NewsInspiring

Principal of the Day: This North Carolina School Leader Makes House Calls to ALL 990 Students

By Tim Newcomb | March 20, 2017

Photo: twitter.com/MsMacWilliams

This article is one in a series at The 74 that profiles the heroes, victories, success stories, and random acts of kindness to be found at schools all across America. Read more of our recent inspiring profiles at The74million.org/series/inspiring.

Principal Elizabeth MacWilliams rides the school bus home. But instead of stopping at her own house, she selects a different one of her 990 students at Carroll Magnet Middle School in Raleigh, N.C., for a visit.


Over the course of the school year, she’s on track to visit the home of every single student. And that’s on top of her regular duties as a principal.

For MacWilliams, this can mean a random Tuesday afternoon stop, a few Sunday housecalls, even some drop-ins during summer break. “When you establish a relationship with somebody at their homes,” she told the News & Observer, “it deepens trust, their respect. It deepens their motivations on wanting to do right by the community.”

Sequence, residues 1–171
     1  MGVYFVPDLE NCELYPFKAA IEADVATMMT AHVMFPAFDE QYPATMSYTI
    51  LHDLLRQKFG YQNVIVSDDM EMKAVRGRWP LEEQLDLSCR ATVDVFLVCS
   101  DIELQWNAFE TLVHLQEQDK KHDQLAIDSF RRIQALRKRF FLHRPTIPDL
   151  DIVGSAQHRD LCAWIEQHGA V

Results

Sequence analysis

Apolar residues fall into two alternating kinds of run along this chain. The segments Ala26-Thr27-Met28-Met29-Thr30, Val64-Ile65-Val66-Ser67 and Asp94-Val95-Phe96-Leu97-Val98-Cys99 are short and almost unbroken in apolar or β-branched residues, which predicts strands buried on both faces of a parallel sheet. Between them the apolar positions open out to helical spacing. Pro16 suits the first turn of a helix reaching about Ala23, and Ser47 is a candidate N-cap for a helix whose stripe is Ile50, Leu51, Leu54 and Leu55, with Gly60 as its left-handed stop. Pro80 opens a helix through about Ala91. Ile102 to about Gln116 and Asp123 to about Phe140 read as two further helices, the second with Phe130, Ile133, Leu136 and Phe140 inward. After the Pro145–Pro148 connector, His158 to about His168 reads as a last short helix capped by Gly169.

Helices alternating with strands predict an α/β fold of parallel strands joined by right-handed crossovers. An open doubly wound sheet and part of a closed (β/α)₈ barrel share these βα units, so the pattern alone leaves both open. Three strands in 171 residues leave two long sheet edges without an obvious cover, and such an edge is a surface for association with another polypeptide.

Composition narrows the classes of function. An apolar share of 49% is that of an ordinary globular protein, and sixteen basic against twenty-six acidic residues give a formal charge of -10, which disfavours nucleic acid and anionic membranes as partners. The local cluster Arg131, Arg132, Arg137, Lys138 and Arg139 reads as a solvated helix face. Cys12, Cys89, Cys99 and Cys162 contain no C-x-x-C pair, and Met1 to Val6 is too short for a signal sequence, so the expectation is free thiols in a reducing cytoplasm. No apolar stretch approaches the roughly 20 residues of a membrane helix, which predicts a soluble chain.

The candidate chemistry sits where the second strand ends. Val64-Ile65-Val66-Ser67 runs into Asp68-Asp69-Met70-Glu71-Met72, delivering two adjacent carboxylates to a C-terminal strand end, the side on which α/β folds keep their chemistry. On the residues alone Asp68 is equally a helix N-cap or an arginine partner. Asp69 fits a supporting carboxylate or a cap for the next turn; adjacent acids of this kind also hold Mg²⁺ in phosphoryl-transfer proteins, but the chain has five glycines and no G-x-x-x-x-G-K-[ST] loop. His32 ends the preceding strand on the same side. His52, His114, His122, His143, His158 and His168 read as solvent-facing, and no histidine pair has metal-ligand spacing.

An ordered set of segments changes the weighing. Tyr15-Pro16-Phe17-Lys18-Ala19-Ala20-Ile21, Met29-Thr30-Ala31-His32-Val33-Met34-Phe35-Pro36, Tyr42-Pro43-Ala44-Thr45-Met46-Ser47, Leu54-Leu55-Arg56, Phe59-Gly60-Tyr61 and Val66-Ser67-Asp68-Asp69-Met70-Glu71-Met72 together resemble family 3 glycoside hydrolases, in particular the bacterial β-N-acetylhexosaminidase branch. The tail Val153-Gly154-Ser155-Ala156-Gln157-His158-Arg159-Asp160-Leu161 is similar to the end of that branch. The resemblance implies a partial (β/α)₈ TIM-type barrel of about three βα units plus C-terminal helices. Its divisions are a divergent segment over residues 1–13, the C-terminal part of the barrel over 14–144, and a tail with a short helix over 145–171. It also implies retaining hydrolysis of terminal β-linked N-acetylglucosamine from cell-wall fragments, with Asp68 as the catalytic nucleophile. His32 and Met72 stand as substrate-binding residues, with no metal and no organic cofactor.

The Wake County Public School System principal was inspired by her mother, who visited students’ homes as a teacher in Syracuse, N.Y., when MacWilliams was a young girl. 

Her own home visits, she told People, started in 2005, when she was a teacher at Southwest Elementary in Durham. Her students had spent an entire day spiffing up the classroom and their desks — complete with welcome notes — for a parent open house that evening. But not a single parent showed up. Nobody.

After trying to console the children, who were so sad that their effort had gone unrewarded, and wiping away her own tears, MacWilliams decided that if the families couldn’t come to her, she would go to them, hoping to “make sure their parents realize how much I love their kids.”



That was when MacWilliams had a single classroom. Now she has an entire school. And her students’ families love it when she comes knocking at their doors. 

“To know the principal cares enough to come to your house, it makes you feel welcomed,” Sharmiece Dobson, a parent of a sixth-grader, told the News & Observer.



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